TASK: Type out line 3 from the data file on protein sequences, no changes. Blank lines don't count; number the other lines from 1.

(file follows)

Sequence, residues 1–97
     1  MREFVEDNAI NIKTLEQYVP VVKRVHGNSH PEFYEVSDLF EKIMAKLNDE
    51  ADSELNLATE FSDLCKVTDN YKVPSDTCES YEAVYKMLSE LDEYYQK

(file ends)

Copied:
    51  ADSELNLATE FSDLCKVTDN YKVPSDTCES YEAVYKMLSE LDEYYQK